THE OUTLOOK FOR HEALTH CARE IN 2023:

What you need to know about the forces reshaping our industry.

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February 17, 2022

The pandemic's impact on health care workers, charted

Daily Briefing

    Almost half of health care workers reported that their mental health has gotten worse over the course of the pandemic, according to a new poll from Axios and Morning Consult—a problem that may worsen the current exodus of workers from the health care industry.

    The resources you need now for your health care workforce

    The pandemic's toll on health care workers

    For the poll, Morning Consult surveyed 1,005 health care workers between Jan. 31 and Feb. 11.

    Overall, 48% of health care workers said their mental health worsened during the pandemic, while 34% said the same about their physical health. In addition, more than half said that their stress level and feelings of anxiety worsened, while 42% said their feelings of depression worsened.

    Many health care workers also reported their diet, sleep, exercise routines, and empathy towards patients were negatively affected during the pandemic.

    In particular, health care workers who cared for Covid-19 patients were more likely to report that the pandemic worsened their health and different aspects of their lives. For example, 54% of health care workers who cared for Covid-19 patients said their mental health worsened during the pandemic compared with 42% of those who did not care for Covid-19 patients.

    "I have never before in my life seen more physicians feel like they're almost on a sinking ship," said Yomna Nassef, an ED physician and a spokesperson for the American College of Emergency Physicians. "We're universally feeling the burnout and feeling the pain right now."

    More health care workers consider leaving their jobs

    The poll also found that more health care workers are now considering leaving their jobs. Twenty percent of health care workers and 22% of workers who cared for Covid-19 patients said they considered leaving the health care industry, up from 15% and 19%, respectively, in July and August 2021.

    Separately, a study led by the American Medical Association found that the health care industry will likely see more staff turnover as workers experience burnout and resign. In the study, 23.8% of physicians, 40% of nurses, and 33% of advanced practice providers said the likelihood of leaving their practice within the next two years was moderate, likely, or definite.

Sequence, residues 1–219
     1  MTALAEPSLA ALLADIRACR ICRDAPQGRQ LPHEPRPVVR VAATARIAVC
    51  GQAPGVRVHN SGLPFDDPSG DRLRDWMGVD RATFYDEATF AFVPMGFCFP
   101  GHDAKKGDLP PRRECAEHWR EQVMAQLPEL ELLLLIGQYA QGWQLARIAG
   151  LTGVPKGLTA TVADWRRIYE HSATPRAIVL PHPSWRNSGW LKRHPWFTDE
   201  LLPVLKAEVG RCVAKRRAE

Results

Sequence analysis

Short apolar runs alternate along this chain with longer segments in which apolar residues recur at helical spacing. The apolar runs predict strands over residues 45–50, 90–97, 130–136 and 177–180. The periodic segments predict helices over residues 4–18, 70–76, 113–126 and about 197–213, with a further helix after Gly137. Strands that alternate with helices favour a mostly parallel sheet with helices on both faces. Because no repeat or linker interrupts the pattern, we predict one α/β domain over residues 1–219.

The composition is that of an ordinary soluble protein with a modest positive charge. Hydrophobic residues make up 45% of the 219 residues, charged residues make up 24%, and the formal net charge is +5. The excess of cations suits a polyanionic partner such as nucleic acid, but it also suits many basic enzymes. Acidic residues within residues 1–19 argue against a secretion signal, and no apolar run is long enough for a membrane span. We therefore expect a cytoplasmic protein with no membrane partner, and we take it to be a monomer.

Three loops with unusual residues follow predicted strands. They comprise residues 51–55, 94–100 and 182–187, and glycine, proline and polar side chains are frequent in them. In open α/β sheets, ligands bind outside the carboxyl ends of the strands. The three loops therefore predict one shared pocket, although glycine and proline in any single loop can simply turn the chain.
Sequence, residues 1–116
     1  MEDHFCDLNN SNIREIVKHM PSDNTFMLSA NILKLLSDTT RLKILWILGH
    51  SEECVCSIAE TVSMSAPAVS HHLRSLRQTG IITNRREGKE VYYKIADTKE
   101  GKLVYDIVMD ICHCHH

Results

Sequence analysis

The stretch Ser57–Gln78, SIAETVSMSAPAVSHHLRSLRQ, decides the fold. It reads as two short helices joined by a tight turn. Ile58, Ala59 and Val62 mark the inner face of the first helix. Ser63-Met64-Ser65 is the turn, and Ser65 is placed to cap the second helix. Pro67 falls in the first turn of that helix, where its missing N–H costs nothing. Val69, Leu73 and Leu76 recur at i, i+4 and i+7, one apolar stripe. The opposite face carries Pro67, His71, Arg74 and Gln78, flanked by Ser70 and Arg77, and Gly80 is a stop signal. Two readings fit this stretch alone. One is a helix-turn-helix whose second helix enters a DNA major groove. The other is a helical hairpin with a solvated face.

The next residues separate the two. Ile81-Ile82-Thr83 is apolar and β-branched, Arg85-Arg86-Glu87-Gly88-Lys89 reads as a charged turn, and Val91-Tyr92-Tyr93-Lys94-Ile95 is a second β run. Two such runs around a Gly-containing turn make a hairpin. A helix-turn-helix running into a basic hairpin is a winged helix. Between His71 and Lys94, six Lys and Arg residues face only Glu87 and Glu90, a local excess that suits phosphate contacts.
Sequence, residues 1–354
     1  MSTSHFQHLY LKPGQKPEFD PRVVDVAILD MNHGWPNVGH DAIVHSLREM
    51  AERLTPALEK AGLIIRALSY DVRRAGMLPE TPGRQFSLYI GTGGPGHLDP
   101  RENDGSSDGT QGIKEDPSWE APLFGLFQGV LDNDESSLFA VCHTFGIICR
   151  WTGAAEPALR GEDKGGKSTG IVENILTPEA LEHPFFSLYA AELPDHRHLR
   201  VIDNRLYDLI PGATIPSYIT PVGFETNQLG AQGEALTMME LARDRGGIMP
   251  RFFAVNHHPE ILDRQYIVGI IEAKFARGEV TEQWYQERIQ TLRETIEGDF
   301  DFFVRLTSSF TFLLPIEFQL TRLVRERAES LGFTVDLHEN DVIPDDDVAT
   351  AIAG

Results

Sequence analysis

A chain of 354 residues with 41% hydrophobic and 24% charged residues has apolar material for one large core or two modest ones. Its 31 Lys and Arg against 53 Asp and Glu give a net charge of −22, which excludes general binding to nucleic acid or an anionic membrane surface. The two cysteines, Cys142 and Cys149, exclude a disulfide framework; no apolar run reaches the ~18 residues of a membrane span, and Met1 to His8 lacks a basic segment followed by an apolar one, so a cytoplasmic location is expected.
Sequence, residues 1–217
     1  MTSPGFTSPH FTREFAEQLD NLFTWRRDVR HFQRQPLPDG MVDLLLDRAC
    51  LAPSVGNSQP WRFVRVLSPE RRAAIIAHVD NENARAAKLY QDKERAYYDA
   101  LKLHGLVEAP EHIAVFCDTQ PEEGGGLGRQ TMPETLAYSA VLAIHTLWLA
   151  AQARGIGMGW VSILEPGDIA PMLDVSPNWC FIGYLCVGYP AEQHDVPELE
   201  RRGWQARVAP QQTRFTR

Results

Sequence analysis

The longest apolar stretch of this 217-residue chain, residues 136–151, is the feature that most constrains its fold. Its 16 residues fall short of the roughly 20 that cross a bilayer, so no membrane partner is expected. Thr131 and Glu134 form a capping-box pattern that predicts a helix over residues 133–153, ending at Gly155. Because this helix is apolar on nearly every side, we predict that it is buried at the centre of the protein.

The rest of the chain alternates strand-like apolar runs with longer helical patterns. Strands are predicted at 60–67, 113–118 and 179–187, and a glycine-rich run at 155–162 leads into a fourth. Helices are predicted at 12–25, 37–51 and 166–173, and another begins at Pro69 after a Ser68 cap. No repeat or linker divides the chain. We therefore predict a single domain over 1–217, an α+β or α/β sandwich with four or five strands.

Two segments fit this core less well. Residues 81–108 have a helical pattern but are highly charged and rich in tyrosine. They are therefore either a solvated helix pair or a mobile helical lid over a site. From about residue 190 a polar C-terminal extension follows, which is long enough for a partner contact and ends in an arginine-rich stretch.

In November 2021, the health care and social assistance industry had 52,000 resignations—the second largest number of resignations that month, according to the U.S. Bureau of Labor Statistics.

    In response to the record-breaking number of resignations in the health care industry, American Hospital Association president and CEO Rick Pollack called for action to help support and grow the U.S. health care workforce, including scrutinizing nurse staffing agency prices and lifting the cap on Medicare-funded physician residencies.

    "A recent analysis shows there will be a shortage of up to 3.2 million health care workers by 2026," Pollack said. "These shortages, combined with an aging population, a rise in chronic diseases and increased behavioral health conditions, all contribute to a national emergency that demands immediate attention from health care leaders and policymakers at every level of government." (Reed, Axios, 2/15; Galvin, Morning Consult, 10/4/21 [1]; Galvin, Morning Consult, 10/4/21 [2]; Morning Consult poll, 2/2022)

    Access our resources to kickstart workforce recovery

    ImageLooking for help to support employees' emotional well-being, help clinicians navigate moral distress, or hone your own leadership shadow? Explore our starter list of resources below.

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